Those items that were purchased are dug out of the cabinets and closets, and used for the day. Some agencies will designate the first Tuesday of the month to use the expanded set of tools, designate what type and volume of incidents will utilize the props (every auto accident, or every injured patient incident), utilize field and ED supervisors to provide additional options for testing and management, and produce reports on use of all of the tools.
When agencies are using new tools for MCIs, like bar code devices, the monthly designation allows more providers to develop the skills in using the technology, in the field and in the ED.
An important element of these designated days is to practice the communication scripts. The EMS providers will be asked to use the MCI props, and also to communicate with the patient/family/ED personnel what the props would accomplish in a major incident.
For example: "Mr. Jones, we take care of people every day, and expand those principles when we have big incidents or multiple patients. This is one of the tools we use for big incidents, and we are using it today on all of our patients. We are also doing our regular documentation that is part of your medical record."
In a few places, the supervisors will take the day's incidents and add some elements that give providers some practice in MCI management. At each incident where there is a moment or two where critical patient care is not needed, the supervisor may inject a couple virtual patient encounters to manage, or test the providers on what they would do if this patient encounter was part of a multiple casualty incident that is common for the area. That way a simple patient encounter can be made into a more complex incident for the providers to manage.
Simple and technology enhancements for MCI training
Triage Tuesdays allow the development of MCI skills without moulage, fake patients, and contrived scenarios. It is noted that the skills of MCI management are not developed by moulage administration. Don't waste the money. It is advantageous to expand on real patient encounters, rely on day-to-day patient assessments to train providers on what patients look like, and use simple patient descriptor cards to allow the providers to triage multiple simultaneous patients.
An EMS system could almost develop "baseball cards" that have a descriptor of patient injuries, and have the EMS providers practice going through the cards and making an accurate triage decision. A sample patient descriptor is listed below.
IT applications to Triage Tuesday are very appropriate. Some EMS systems and Emergency Departments have new IT applications that are being utilized, sometimes with new equipment, communication processes, and software.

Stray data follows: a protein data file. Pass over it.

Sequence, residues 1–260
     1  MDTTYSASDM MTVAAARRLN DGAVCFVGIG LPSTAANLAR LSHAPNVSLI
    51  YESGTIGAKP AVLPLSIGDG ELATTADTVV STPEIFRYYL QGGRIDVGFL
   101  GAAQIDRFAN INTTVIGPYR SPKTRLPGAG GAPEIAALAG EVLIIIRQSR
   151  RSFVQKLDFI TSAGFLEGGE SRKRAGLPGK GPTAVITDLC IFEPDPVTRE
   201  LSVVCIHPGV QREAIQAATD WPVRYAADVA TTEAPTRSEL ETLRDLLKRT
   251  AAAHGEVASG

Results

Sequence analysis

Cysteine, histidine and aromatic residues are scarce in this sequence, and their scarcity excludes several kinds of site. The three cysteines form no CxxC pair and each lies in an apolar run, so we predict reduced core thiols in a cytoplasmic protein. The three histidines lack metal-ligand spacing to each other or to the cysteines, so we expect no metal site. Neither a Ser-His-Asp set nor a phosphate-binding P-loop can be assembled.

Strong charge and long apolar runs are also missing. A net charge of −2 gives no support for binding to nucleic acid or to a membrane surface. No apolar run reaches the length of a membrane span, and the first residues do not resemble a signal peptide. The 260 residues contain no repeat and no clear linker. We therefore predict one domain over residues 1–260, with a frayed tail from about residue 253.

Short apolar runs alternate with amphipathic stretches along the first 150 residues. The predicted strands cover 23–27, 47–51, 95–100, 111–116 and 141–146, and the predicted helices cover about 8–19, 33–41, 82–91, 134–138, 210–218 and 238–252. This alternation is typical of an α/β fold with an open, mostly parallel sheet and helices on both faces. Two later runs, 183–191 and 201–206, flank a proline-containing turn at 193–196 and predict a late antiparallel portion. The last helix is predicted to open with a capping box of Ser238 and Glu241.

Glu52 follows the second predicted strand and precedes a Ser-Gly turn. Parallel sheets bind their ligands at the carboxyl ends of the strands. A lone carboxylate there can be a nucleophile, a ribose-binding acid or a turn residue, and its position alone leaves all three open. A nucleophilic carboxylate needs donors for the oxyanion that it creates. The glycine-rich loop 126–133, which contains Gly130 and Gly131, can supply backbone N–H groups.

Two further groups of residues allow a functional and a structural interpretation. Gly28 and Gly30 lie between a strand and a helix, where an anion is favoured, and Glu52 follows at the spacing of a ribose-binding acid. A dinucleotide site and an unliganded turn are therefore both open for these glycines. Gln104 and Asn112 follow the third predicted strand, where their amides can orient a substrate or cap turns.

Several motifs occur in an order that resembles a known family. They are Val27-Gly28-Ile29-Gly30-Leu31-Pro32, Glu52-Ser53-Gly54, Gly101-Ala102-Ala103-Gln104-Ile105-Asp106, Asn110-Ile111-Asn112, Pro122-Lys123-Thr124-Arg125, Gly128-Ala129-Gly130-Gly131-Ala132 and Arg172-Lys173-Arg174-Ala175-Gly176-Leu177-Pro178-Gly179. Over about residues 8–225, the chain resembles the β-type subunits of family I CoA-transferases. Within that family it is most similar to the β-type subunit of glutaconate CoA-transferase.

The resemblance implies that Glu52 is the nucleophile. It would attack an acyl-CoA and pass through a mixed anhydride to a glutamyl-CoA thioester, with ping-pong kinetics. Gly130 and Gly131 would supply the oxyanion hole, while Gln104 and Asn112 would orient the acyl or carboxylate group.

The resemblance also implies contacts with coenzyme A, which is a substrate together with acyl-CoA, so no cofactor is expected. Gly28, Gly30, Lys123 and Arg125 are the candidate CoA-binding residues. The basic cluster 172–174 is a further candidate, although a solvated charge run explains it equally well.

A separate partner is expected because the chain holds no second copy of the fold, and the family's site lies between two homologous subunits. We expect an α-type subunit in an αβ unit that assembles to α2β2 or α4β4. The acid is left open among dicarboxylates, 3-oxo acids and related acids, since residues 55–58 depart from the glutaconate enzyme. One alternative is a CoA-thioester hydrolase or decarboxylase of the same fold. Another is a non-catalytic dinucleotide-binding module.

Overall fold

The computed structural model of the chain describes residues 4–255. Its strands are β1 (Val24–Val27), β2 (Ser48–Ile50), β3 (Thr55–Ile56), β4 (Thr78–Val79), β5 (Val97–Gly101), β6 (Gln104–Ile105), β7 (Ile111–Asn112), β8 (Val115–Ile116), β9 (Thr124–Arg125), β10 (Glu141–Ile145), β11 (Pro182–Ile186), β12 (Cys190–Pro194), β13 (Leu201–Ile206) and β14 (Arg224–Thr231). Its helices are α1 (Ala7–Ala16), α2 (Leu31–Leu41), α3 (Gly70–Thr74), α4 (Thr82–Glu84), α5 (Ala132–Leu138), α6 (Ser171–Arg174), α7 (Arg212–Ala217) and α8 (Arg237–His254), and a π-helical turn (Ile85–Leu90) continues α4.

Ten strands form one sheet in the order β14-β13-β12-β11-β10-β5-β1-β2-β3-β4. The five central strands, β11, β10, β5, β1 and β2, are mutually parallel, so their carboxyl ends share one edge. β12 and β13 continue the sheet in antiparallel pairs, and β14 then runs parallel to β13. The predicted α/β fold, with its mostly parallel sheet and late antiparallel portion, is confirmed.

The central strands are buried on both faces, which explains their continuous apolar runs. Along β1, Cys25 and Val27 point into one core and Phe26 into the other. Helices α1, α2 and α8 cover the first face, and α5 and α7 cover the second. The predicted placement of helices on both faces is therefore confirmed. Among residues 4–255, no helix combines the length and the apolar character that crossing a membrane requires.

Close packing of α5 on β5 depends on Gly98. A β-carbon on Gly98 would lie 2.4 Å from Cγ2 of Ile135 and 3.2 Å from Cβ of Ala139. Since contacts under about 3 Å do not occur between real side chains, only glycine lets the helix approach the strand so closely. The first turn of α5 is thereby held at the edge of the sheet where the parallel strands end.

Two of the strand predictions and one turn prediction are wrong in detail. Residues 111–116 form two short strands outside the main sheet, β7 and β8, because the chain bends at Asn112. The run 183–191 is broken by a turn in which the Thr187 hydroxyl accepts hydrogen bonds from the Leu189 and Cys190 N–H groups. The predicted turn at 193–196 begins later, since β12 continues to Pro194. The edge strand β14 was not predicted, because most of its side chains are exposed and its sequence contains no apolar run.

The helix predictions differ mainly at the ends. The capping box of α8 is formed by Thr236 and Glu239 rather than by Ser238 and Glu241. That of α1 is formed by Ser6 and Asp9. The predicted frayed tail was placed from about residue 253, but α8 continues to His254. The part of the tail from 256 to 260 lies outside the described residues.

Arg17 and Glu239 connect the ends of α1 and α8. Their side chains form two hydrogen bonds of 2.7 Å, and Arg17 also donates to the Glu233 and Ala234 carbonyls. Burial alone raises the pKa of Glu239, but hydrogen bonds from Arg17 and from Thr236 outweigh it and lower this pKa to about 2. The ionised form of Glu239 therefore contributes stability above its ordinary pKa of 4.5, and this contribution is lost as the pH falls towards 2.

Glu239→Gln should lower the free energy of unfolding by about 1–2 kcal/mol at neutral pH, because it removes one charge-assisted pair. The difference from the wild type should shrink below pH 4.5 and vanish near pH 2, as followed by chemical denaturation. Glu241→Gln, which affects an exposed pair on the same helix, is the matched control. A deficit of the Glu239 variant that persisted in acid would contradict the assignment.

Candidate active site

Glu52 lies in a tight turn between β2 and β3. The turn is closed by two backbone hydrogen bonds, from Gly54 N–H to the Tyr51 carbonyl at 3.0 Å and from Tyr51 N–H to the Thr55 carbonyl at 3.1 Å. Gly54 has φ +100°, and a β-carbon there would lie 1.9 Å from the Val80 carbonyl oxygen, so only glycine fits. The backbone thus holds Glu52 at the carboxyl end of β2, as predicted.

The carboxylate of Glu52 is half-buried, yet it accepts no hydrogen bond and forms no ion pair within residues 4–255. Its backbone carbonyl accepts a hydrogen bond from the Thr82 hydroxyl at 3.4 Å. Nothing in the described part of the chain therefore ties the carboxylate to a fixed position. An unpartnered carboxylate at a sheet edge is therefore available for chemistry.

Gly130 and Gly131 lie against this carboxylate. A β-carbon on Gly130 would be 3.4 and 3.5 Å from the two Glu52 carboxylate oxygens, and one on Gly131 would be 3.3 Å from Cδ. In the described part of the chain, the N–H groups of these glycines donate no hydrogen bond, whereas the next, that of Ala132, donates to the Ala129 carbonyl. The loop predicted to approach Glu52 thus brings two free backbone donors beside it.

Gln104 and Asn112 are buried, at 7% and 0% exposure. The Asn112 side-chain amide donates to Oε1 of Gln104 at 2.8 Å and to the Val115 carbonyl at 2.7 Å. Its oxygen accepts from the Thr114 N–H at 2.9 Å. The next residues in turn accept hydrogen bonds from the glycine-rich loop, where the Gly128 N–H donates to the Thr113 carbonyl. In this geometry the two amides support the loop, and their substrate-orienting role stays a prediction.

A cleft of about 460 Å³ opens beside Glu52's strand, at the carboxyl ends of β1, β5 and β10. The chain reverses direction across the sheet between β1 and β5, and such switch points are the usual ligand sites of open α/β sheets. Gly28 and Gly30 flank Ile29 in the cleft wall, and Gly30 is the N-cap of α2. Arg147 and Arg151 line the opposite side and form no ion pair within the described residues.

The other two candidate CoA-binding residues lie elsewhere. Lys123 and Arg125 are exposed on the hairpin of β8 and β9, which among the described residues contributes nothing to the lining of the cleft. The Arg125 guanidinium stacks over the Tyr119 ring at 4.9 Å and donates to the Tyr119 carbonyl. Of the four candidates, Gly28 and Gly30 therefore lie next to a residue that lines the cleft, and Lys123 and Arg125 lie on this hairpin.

These special tools require regular practice, especially near the introduction. Regular MCI drills allow practice using the tools, the hardware, and the software. It also helps define shortcomings and bottlenecks. It is likely to greatly benefit the staff of the EMS providers and the Emergency Department.
Regular drills, like Triage Tuesdays, enhance training for emergency providers. With that process, the EMS agency is taking care of people, to include your providers, your patients, and your support agencies. There is great benefit to having, practicing, and improving the EMS MCI plan. Having each member of the EMS agency and Emergency Department skilled in the props, process, and practice will benefit all of the appropriate elements, especially the rescuers.
Triage Tuesdays allow providers to use MCI props routinely. Vests, hats, signage all gets way too buried without regular use. So dust off the MCI kit, write and print a couple hundred patient descriptor cards, and take advantage of all special events. Understand what are high-risk events and use those as scenarios.
Sample MCI Patient Descriptor Cards Patient 101
Chris Farmley, born on 8/2/88, SS# 123-45-6789, complains of abdominal pain.
Jane Doe, approximately 13 year old Caucasian female with blonde hair, blue eyes, and a one inch scar on her left knee, is unconscious with no apparent injuries.
Cyanotic, cool, moist
Carotid pulse weak, irregular
Does not respond to verbal stimuli; pupils dilated, react slowly
About the author
James J Augustine, M.D., is medical advisor for Washington Township Fire Department in the Dayton, Ohio, area. He is director of clinical operations at EMP Management in Canton and a clinical associate professor in the Department of Emergency Medicine at Wright State University. He formely served as Deputy Chief-Acting Medical Director for Washington, DC Fire EMS. He has served 27 years as a firefighter, and was the first Chair of the Ohio EMS Board. Contact him via email at James.Augustine@FireRescue1.com.